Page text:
I think I found the answer. It's Focus.
Here's what McCawley 1998 says, page 68, Chapter 3
(Tests for Deep and Surface Constituent Structures):
iv. Placement of Elements with Focus
There are a number of words in English (only, even, too, also) that are associated with a focus: an element that is implicitly constrasted with other items, as in John drinks only beer, where only serves to contrast beer with such other items as wine or vodka; that is, John drinks only beer says that John doesn't drink wine, that he doesn't drink vodka, and so on.
Only usually precedes its focus, but need not immediately precede it; for example, John only drinks beer can be interpreted with beer as focus even though only is separated from it by drinks. ...
While only can be separated from its focus, it cannot be put in front of just any matter that precedes the focus.
The rule for only is that
- only can precede
- either the focus itself,
- or any constituent containing the focus.
This means that, in the sentences
- He needed to talk only about tomatoes.
- He needed to talk about only tomatoes.
there is no difference in meaning or grammaticality.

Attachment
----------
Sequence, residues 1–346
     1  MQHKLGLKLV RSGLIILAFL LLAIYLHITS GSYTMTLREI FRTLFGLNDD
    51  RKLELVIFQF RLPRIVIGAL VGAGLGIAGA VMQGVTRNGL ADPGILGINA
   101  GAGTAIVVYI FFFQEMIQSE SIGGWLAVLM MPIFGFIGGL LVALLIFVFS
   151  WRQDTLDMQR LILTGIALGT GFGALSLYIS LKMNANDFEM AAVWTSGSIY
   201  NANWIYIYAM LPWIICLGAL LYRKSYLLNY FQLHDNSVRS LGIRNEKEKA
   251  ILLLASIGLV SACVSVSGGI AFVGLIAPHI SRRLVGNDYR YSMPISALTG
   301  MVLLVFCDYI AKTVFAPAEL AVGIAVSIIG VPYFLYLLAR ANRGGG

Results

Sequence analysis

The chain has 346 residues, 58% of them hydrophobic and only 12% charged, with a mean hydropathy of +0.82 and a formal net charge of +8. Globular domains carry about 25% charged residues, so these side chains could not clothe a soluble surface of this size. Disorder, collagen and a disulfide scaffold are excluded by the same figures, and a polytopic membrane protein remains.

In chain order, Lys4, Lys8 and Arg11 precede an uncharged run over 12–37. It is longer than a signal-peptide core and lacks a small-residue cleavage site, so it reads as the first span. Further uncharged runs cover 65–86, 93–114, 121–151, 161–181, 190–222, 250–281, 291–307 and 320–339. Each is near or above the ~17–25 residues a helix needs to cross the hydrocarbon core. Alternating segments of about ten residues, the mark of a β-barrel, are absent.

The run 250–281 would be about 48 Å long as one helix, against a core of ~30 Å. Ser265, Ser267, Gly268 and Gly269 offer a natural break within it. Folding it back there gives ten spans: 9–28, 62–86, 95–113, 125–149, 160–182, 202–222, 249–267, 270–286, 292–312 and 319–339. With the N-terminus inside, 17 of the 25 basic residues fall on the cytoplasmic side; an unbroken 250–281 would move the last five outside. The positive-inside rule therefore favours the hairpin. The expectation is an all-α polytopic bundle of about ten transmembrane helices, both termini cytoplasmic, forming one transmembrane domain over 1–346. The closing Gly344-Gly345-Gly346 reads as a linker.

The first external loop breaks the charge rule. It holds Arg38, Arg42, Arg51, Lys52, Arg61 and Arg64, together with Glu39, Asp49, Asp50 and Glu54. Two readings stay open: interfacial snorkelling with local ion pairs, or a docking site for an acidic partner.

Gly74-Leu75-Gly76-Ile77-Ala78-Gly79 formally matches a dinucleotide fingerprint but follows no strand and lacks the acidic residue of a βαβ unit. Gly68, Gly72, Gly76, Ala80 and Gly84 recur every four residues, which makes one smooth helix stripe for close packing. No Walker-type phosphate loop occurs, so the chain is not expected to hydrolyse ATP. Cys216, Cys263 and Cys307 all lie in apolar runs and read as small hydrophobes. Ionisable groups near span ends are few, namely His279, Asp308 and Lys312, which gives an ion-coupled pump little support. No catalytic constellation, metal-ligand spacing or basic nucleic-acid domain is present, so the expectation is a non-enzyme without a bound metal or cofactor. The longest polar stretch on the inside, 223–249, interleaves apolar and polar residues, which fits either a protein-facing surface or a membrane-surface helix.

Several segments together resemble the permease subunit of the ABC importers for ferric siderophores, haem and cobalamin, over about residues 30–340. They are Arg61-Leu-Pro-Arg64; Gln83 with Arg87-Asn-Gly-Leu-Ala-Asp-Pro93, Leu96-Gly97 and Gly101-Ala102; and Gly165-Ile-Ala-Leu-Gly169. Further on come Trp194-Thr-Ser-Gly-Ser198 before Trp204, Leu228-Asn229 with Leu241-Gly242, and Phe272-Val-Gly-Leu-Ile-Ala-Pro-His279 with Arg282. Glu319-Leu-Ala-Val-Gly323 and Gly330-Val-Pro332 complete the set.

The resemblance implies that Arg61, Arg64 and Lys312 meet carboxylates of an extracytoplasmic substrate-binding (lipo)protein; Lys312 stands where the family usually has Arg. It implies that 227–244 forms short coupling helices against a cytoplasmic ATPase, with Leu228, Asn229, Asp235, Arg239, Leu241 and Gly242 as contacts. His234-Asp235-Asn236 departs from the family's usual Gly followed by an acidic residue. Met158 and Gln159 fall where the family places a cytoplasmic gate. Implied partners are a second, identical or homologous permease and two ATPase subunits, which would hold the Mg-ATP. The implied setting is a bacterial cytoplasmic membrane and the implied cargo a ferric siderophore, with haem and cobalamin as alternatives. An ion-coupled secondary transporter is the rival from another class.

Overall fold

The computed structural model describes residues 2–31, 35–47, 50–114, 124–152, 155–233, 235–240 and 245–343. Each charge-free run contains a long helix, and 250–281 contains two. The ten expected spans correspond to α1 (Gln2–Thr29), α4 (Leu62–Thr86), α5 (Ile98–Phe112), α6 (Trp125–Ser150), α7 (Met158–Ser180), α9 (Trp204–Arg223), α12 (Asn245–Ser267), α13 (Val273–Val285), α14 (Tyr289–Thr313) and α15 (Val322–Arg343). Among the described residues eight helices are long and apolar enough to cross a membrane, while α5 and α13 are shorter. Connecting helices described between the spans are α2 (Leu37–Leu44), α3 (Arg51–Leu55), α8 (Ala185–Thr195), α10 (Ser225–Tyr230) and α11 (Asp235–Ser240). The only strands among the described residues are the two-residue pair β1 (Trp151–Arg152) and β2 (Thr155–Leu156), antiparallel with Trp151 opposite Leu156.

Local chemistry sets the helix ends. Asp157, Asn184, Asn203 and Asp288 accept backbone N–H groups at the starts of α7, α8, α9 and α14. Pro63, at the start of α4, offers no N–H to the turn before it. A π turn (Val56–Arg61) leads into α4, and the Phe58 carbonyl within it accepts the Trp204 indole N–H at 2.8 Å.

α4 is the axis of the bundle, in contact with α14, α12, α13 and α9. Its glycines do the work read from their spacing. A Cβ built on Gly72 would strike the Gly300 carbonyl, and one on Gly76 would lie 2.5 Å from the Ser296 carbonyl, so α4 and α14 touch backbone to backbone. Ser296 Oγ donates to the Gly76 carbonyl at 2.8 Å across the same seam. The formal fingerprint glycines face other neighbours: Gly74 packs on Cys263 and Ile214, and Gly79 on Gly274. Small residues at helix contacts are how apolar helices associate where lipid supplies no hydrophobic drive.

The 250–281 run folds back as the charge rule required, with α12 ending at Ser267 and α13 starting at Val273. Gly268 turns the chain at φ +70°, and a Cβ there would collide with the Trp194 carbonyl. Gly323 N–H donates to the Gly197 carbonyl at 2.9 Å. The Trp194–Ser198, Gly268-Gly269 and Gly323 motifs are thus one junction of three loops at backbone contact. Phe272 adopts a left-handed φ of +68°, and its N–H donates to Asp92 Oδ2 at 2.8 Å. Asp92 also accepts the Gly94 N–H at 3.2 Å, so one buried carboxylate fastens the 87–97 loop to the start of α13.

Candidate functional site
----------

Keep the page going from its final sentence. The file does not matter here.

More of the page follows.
Only can come immediately before the focus tomatoes, or it can come before the preposition phrase about tomatoes, which contains the focus. Indeed, only can come before the verb phrase needed to talk about tomatoes, which also contains the focus, with no change in meaning or grammaticality.
- He only needed to talk about tomatoes.
Of course, the further away only is from its focus, the more ambiguity is possible, because there are more possible focusses in a large constituent; that means that the focus is normally stressed heavily to identify it. This is not possible in writing, since there's no written intonation or stress except in the mind's ear. So keeping such an item close to its focus is usually good advice for writers.
Though it's not a grammar rule.
The grammar rule is as stated.